|Job Title:||Advanced Neonatal Nurse Practitioner and Visiting Fellow|
|Title of talk:||Care bundles to reduce CLABSIs in the Neonatal Unit|
|Biographical Sketch:||Vicky has worked clinically as an ANNP since her qualification in 2012. She is currently employed as an ANNP at the Princess Anne Hospital, University Hospital Southampton, where she works on the middle-grade medical rota, including the SoNET transport retrieval team. She is an independent nurse prescriber, and is currently completing a non-medical authorisation of blood products portfolio. Her interests are focused upon research, education and local quality improvement, and she has recently been involved in developing a care bundle aimed at reducing bloodstream infection rates. Vicky is also undertaking a Doctorate in Clinical Practice programme at the University of Southampton, which is focused on the implementation of care bundles to reduce neonatal bloodstream infections. She has received two professional bursary awards from the RCN Foundation Trust, as well as support for her project from the charity Bliss.
Her passion for sharing knowledge has evolved from clinical teaching to undertaking a secondment in 2014 with the University of Southampton, where she now teaches for 40% of her time on the Advanced Neonatal Clinical Practice MSc programme. In 2017, she completed her Post-Graduate teaching qualifications, and now helps to facilitate the neonatal Evidence-Based Practice module.
She has recently returned from Vietnam, where she worked for two weeks as a volunteer for the Newborns Vietnam scheme, helping to deliver clinical education and training for neonatal nurses.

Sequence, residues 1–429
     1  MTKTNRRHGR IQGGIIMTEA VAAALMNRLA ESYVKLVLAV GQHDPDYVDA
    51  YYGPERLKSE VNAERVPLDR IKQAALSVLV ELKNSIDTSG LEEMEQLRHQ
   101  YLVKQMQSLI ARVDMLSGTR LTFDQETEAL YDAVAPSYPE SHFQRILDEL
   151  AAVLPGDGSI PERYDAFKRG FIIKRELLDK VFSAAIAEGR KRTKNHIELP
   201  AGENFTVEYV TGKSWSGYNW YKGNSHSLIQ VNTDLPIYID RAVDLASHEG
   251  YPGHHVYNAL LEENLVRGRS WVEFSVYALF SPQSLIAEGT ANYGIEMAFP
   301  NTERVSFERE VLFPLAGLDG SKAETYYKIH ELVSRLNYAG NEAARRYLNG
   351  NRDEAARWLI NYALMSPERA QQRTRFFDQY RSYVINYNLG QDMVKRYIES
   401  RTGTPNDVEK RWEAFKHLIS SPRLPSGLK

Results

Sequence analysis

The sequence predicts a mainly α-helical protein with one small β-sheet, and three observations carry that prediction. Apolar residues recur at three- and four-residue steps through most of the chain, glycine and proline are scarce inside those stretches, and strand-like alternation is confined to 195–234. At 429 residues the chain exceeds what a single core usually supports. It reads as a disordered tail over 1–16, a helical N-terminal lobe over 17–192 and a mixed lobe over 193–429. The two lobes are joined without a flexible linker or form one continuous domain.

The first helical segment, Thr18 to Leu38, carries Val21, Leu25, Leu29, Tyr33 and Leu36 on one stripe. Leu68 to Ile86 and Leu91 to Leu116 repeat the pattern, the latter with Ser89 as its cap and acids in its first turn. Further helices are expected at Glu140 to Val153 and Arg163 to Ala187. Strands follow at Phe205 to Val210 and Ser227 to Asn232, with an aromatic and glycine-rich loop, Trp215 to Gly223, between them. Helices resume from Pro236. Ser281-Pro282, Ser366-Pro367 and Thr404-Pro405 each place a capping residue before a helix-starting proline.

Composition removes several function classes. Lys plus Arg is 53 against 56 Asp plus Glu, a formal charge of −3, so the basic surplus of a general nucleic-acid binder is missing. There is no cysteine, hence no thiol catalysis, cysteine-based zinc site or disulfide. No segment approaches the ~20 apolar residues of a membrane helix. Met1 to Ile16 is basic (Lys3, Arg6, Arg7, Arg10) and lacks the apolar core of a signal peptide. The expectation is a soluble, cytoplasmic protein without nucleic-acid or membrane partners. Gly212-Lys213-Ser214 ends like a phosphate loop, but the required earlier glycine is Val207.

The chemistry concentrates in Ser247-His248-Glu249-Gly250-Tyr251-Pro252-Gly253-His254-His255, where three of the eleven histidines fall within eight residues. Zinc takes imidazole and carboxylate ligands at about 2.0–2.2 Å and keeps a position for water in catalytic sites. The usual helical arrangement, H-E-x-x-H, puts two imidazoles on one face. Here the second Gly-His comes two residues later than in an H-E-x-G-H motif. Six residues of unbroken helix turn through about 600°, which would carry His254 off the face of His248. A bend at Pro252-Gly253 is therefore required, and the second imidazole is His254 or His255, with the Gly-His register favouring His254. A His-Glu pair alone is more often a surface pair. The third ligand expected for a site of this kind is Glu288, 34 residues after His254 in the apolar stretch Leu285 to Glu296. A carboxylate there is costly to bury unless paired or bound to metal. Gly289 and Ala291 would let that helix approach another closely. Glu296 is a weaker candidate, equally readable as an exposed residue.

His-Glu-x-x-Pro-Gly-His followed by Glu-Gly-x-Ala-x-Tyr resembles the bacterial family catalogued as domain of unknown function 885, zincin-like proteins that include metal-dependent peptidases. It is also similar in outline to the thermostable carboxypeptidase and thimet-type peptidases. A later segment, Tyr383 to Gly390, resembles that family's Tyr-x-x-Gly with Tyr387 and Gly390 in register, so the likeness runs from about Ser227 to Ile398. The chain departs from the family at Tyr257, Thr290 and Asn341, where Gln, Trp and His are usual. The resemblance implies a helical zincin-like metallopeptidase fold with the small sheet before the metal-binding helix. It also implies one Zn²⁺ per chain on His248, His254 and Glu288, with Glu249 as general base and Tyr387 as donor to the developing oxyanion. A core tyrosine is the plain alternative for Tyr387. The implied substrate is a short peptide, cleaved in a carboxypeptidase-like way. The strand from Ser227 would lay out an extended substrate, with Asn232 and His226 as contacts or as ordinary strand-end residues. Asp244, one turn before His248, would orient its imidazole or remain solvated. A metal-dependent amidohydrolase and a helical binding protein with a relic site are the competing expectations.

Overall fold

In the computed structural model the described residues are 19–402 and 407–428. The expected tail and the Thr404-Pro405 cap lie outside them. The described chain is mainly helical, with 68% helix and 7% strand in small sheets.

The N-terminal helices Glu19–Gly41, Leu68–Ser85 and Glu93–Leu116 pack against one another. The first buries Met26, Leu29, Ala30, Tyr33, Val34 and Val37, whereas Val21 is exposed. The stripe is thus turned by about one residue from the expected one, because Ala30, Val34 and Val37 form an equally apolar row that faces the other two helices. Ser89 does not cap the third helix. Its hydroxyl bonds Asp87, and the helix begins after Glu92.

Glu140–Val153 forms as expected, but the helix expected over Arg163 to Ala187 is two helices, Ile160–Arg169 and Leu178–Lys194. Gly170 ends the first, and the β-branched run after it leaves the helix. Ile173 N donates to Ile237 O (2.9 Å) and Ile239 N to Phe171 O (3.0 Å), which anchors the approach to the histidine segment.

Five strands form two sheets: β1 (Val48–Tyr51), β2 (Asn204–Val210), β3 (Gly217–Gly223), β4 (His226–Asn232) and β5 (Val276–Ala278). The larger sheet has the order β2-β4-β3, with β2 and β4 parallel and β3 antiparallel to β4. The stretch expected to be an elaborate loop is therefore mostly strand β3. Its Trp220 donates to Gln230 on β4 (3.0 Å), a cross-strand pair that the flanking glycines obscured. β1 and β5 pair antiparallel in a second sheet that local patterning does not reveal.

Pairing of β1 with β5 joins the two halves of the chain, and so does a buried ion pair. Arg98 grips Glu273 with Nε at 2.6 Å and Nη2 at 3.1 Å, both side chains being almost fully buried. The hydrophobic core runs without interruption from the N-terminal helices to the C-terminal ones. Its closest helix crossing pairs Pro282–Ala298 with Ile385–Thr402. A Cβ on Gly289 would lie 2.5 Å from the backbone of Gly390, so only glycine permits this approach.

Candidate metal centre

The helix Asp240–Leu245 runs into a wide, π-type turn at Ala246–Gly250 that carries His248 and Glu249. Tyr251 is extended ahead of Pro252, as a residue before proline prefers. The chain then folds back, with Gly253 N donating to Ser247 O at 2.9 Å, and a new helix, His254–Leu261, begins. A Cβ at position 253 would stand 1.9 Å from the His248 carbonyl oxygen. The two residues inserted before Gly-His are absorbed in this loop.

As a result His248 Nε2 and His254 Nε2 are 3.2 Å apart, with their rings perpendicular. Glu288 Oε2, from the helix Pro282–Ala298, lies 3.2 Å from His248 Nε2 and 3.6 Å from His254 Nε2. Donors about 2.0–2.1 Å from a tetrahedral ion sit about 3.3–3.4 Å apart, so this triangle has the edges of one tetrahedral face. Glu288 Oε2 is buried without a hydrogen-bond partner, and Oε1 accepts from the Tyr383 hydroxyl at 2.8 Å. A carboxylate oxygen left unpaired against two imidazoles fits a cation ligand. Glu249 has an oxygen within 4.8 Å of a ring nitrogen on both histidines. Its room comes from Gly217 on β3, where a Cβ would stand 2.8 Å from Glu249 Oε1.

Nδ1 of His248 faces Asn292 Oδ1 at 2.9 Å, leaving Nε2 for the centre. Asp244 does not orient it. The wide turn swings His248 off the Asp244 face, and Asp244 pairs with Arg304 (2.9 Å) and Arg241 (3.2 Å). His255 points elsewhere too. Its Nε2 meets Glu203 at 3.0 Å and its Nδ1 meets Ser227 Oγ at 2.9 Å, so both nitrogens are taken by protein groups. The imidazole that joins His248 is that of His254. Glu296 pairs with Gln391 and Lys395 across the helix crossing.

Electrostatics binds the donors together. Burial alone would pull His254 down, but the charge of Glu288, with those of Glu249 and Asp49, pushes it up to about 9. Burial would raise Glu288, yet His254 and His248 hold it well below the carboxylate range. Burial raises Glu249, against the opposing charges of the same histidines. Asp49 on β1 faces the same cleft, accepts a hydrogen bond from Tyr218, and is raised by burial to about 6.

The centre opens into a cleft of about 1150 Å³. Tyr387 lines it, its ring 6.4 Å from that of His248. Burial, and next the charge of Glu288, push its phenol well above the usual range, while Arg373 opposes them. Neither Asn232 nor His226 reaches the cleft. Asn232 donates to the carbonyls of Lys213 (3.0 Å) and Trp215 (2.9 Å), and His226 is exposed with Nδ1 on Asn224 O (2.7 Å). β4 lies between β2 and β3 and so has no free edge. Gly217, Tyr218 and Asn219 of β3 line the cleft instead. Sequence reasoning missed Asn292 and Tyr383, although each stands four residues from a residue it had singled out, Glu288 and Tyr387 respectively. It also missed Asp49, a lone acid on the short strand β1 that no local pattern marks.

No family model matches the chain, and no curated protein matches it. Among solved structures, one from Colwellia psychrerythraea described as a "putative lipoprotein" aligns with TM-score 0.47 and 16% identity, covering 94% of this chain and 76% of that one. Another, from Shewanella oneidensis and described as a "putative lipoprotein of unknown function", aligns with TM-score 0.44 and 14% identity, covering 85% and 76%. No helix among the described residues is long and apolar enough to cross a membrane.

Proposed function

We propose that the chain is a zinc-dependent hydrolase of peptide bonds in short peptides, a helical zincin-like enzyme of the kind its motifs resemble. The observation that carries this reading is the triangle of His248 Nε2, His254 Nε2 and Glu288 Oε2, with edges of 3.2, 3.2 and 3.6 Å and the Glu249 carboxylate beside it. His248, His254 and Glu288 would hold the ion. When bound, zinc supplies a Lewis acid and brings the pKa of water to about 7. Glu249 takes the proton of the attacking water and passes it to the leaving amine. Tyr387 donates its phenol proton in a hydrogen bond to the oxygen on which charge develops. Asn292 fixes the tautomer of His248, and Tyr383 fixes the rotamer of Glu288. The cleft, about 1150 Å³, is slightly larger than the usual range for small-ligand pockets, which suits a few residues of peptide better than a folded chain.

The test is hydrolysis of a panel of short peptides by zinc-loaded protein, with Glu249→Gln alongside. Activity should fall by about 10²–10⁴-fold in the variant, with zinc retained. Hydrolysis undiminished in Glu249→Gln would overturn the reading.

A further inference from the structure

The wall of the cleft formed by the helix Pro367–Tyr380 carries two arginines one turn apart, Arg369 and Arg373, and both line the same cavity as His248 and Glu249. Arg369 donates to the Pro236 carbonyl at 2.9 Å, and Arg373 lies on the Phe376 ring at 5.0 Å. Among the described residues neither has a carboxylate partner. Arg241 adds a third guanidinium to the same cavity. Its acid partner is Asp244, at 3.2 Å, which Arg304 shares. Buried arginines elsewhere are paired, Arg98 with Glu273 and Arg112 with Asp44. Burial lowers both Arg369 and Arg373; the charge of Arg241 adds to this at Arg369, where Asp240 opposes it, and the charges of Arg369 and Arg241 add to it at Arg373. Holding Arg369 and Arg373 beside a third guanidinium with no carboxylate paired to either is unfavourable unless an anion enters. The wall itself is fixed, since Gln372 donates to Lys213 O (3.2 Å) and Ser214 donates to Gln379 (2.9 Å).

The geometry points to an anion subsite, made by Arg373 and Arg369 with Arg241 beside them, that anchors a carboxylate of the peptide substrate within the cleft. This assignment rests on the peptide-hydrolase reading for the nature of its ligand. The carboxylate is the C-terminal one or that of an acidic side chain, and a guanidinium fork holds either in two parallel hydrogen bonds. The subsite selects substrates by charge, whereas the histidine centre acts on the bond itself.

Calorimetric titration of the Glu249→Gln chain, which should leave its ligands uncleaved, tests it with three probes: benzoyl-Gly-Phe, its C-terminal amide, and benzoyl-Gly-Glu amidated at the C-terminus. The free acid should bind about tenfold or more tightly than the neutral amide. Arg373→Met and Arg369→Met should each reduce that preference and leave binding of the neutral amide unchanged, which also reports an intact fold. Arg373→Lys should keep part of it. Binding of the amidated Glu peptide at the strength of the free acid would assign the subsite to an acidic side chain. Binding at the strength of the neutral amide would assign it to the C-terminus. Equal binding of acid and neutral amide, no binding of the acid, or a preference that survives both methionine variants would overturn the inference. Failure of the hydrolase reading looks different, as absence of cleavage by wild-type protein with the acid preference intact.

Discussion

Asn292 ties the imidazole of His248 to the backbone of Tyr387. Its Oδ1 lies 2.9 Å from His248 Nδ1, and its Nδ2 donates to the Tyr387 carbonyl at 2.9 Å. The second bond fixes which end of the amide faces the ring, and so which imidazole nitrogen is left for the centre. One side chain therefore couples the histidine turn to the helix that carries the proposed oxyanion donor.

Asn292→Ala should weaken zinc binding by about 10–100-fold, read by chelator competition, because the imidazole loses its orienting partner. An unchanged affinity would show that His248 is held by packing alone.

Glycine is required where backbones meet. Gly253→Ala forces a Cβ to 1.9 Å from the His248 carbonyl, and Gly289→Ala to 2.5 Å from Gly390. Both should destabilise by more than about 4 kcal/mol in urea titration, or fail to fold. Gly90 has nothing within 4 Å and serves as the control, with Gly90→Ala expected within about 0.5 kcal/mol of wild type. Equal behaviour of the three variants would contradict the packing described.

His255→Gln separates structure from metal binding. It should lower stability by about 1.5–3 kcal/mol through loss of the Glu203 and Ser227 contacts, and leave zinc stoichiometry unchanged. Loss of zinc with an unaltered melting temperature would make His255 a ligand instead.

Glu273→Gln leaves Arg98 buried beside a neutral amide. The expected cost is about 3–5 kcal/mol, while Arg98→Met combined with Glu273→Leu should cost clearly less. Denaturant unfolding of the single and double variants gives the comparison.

|Lecture Abstract:||Central line-associated bloodstream infections (CLABSIs) are associated with increased mortality, morbidity and prolonged hospitalisation. Complex interventions, such as care bundles, are interventions that have multiple interacting components, and have been shown to reduce CLABSIs in adult ICUs, demonstrated in the seminal Michigan Keystone project. Whilst this quality improvement work showed that zero CLABSI rates were achievable, attempts to replicate this success in the UK have had mixed success. The Matching Michigan study, whilst reducing paediatric CLABSI rates by 45%, failed to reach statistical significance, and this was felt to be due to variations and small numbers. However, this trial had challenges in out-performing the secular trend, and there were notable differences in team engagement.
This session will provide a critique of the current evidence on the effectiveness of care bundles to reduce CLABSIs in the neonatal unit, presenting the results of a systematic review and meta-analysis. It will outline the most common bundled elements used in these studies, and will consider how local teams may translate this evidence into local practice.
|References:||Dixon-Woods M, Bosk CL, Aveling EL, Goeschel CA and Pronovost PJ (2011) Explaining Michigan: developing an ex post theory of a quality improvement program. Milbank Q 89(2): 167-205
Dixon-Woods M, Leslie M, Tarrant C and Bion J (2013) Explaining Matching Michigan: an ethnographic study of a patient safety program. Implement Sci 8: 70
Pronovost P, Needham D, Berenholtz S, Sinopoli D, Chu H, Cosgrove S, Sexton B, Hyzy R, Welsh R, Roth G, Bander J, Kepros J and Goeschel C (2006) An intervention to decrease catheter-related bloodstream infections in the ICU. N Engl J Med 355